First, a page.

Japanese carpenters working practices

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This is perhaps the most important thing I learned in Japan; for people who work with their hands the most precious tool of all is the body. I had previously noticed when working with German carpenters that they have good posture and lift things well, bending the knees even to lift light objects. The Japanese take things further and each morning started with 5 minutes warm up exercises. I would love to see this adopted on English building sites, we have a macho culture that just gets stuck in and then gets a bad back! We now find it normal for kids at school as well as top athletes to warm up before sport, and a few simple stretches could save many days off work. 

 The other thing which I feel is a good policy, but also found frustrating at times, is to all stop work together half an hour before the end of the day. Even if you are only 2 minutes from finishing your joint you have to stop. Then everyone from the head carpenter to the new apprentice work together on sweeping the site, taking care of the tools and leaving everything in good order for the next day. Most accidents and mistakes occur in that last half hour as tired people are rushing to get the job done and it created a great feeling of teamwork all sweeping up together.

 After giving a talk to the Carpenters Fellowship and mentioning this I was approached by a chiropractor who told me that if you bend from the waist to 90 degrees you are putting 2 tons of pressure on the vertebrae at the base of the spine and that is before you pick anything up, so it really is worth getting into the habit of bending the knees and keeping back vertical even to lift light objects.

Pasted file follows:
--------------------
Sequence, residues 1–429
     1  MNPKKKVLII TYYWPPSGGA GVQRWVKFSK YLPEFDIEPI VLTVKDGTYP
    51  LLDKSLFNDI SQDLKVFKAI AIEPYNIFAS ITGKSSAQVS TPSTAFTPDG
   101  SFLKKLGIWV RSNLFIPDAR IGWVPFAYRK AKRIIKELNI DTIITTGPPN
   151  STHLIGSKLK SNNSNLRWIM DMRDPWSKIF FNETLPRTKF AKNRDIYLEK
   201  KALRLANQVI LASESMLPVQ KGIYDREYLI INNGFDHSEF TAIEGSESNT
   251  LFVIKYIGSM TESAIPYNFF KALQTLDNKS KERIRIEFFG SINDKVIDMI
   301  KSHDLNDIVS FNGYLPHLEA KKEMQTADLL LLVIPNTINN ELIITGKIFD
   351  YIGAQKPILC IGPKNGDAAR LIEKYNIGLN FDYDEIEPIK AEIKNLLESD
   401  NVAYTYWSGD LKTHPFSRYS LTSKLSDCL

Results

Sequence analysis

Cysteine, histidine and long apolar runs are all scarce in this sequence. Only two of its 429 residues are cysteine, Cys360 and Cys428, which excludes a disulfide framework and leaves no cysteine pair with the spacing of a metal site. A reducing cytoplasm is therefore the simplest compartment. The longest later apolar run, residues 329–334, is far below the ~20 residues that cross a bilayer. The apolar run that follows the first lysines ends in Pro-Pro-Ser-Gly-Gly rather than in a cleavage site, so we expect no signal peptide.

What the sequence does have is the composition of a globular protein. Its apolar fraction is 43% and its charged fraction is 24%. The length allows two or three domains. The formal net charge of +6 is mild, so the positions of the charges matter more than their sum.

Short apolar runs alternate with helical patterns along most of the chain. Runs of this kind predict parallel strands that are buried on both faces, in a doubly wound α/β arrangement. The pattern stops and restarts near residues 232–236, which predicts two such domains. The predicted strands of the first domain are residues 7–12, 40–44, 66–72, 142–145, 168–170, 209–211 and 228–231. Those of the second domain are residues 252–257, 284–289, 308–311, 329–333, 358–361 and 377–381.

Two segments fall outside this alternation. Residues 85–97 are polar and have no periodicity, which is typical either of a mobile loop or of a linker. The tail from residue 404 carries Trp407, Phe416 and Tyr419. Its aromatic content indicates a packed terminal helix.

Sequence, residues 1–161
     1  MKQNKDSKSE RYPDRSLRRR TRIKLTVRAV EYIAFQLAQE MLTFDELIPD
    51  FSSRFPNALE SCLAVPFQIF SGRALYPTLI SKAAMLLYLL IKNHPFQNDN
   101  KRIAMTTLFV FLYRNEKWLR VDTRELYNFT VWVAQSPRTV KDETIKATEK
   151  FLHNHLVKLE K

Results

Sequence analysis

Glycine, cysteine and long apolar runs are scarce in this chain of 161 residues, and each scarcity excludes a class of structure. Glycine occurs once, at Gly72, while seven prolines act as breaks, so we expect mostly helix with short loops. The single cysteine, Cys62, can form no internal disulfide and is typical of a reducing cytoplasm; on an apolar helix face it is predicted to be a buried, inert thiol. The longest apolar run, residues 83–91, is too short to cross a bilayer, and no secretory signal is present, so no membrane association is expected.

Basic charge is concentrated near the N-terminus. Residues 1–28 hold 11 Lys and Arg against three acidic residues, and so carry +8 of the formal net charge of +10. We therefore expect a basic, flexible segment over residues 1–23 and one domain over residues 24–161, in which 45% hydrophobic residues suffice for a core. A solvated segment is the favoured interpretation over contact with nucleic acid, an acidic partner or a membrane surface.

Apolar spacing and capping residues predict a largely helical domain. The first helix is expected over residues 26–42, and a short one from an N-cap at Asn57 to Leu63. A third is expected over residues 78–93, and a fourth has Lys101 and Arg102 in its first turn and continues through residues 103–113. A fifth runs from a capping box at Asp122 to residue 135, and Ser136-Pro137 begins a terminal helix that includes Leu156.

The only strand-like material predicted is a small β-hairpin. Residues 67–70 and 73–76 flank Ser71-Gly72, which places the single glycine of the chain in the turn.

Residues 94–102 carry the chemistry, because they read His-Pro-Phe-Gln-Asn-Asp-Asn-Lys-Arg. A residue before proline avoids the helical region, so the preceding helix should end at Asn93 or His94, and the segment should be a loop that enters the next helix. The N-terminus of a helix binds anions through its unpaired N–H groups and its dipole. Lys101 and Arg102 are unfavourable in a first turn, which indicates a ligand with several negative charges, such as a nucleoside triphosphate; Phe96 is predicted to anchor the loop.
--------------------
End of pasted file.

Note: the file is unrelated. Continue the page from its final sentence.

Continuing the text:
4 Responses to Japanese carpenters working practices

  1. Murphyfish December 31, 2010 at 6:35 am #

    Hi Robin,Back in '86 I started working for the Japanese electronic company 'Sharp U.K.' and many of these practises were followed. the workforce were treated as family at times and many British employees found the practices strange and reflected this with some scorn. Fortunately I was young enough to be influenced at the time and many of the Japanese ethics towards work stay with me still.Regards,John

  2. Tico Vogt December 31, 2010 at 1:23 pm #

    I like it. A lot.

  3. Alviti December 31, 2010 at 3:23 pm #

    Things like this makes everyone feel part of the team, something that is missing from our blame culture British building site. It would be a good way to start the new year as well!

  4. suze4000 December 31, 2010 at 9:38 pm #

    who told me that if you bend from the waist to 90 degrees you are putting 2 tons of pressure on the vertebrae at the base of the spine1) Well, chiropractors would, wouldn't they?2) Is there any evidence this is so? 3) If it is so, is it outside the design range?Suze xx